Mastodon can be quite useful for organizations as they can have their own instances on which they can have internal communication in a social way.

Can Mastodon challenge Twitter, etc?

The platform was created in October 2016 and started operating with first few instances in 2017. In nearly 3 years, its membership has gone up to 2.2 million. That is a good critical mass but nowhere near the numbers of Facebook, Instagram, Twitter etc. It is reported that a large number of Indians angry with Twitter's features have joined this network in 2019.

Mastodon has come up with many mobile and desktop apps. Some of these apps are available in local languages - giving it the opportunity to penetrate populations not comfortable with English. It has been coming with new features every few days thanks to voluntary contributions.

But is that enough to switch from other social media apps, say Twitter or Facebook? Frankly, unless you have people - whom you will like to interact with and/or follow - on the same platform, you might not like to make a switch. In addition, for a Twitter or Facebook user, Mastodon's feature of joining a particular (unknown) instance and the way they communicate look confusing.

However, the platform has its own merits as mentioned above (particularly privacy), and you might like to experiment with it.

My own take is that it is difficult for any platform to dethrone the big social media platforms becasue they come out for very interesting and useful features now and then. People get hooked to these features and demand more. So, however public-spirited and safe a new platform may be, people would not join it by abandoning the big ones. TikTok, even with a big Chinese company behind it, has not been able to dethrone any video-sharing sites; in fact, all the text+image sites now offer video. Whatsapp and Facebook have added e-commerce and money-transfer features in addition to many other. Telegram offers much bigger group size and claims to be safer than Whatsapp but the latter rules the chatting app arena.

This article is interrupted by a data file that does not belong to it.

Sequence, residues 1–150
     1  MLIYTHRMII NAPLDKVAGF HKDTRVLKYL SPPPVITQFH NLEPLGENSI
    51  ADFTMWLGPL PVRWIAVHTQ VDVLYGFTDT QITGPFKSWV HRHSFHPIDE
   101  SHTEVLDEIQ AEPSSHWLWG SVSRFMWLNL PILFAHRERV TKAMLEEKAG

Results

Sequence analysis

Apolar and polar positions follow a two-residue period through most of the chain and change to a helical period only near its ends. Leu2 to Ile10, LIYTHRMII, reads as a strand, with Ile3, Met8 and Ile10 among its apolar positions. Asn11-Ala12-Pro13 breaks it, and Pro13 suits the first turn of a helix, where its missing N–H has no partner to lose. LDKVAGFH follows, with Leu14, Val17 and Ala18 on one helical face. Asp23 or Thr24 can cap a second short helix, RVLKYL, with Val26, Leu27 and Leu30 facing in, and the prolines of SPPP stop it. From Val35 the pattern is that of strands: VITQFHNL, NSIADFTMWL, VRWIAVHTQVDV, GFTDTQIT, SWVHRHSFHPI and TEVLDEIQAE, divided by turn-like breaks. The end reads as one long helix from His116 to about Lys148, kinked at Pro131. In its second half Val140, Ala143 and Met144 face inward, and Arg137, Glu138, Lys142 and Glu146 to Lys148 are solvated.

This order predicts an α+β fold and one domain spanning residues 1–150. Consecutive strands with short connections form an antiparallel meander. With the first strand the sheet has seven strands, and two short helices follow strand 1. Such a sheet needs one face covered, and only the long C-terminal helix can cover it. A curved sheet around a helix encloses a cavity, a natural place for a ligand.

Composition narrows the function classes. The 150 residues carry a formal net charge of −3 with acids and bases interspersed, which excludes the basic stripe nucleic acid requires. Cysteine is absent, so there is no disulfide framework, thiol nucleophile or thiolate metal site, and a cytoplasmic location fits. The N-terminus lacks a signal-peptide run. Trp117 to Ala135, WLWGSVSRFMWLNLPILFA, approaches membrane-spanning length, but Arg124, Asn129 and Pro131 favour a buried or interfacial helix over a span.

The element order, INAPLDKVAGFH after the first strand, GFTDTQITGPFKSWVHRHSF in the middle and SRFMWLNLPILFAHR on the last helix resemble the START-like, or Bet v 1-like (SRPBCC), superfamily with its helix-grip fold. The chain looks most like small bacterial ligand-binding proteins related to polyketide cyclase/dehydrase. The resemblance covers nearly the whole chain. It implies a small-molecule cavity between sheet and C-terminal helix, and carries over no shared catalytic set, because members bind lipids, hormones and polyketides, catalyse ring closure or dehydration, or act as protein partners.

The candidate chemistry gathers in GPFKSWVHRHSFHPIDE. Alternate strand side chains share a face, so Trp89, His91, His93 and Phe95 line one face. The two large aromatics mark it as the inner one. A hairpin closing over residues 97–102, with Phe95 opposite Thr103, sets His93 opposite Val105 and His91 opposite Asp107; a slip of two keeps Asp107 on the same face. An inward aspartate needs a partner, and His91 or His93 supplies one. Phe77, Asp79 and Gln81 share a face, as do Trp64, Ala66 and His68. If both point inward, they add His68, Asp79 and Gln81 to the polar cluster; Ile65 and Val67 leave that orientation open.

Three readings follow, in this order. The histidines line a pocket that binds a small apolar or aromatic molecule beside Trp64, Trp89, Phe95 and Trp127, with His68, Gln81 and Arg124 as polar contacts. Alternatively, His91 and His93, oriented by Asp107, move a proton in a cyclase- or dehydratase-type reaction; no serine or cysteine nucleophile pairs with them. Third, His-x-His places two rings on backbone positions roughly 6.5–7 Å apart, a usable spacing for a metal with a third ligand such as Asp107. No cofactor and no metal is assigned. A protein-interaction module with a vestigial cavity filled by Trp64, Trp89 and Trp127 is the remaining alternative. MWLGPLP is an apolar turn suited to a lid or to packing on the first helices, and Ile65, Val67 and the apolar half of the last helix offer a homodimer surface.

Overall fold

However, some of the big social biggies are likely to collapse in the years to come (due to their size, legal issues or what?), and the time would then be ripe for open-source systems to flourish. In the meantime, such apps - including Mastadon - will create a niche for themselves, and would spring when their time comes. Well, if they do not become extinct like the elephant-like creature called mastadon. Haven't we actually witnessed many mighty apps wither away: GeoCities, Squidoo, Orkut, MySpace, Google Plus...

mastodon social media app
Mastodon screen on desktop app

The richest blogger shares social, environmental concerns.

Bill Gates, like only a few other billionares, is a thinker and philanthropist. The co-founder of Microsoft, he also is a regular blogger.

Bill Gates happens to be the richest man alive on earth (in some years, he has a tie with Jeff Bejos of Amazon). Just to put this blogger in terms of his net worth: His wealth is about $107 billion while the GDP of Ethiopia is $95 billion, that of Nepal $35 billion and that of Afghanistan $20 billion. 

On his blog, Bill often writes about social issues. In his two latest posts, he writes about these highly relevant matters facing the society.

1. Alzheimer’s Disease. This is how Gates himself describes this post: It features a clip from the excellent documentary Turning Point: The Quest for a Cure, which looks at why it’s so hard to run clinical trials that would help us develop treatments for Alzheimer’s. I’ve been talking to experts at that very subject, and I’ve even learned about some ways that each of us can contribute to stopping Alzheimer’s.

2. Energy and climate change. This one is part of a series he is running on the blog. This time I wrote about why buildings are so bad for the climate, and what we can do about it. It’s a sneak peak at one of the areas I’ll cover in the book I’m writing about climate change, which will come out next year. 
Buildings can impact climate: from Bill Gates blog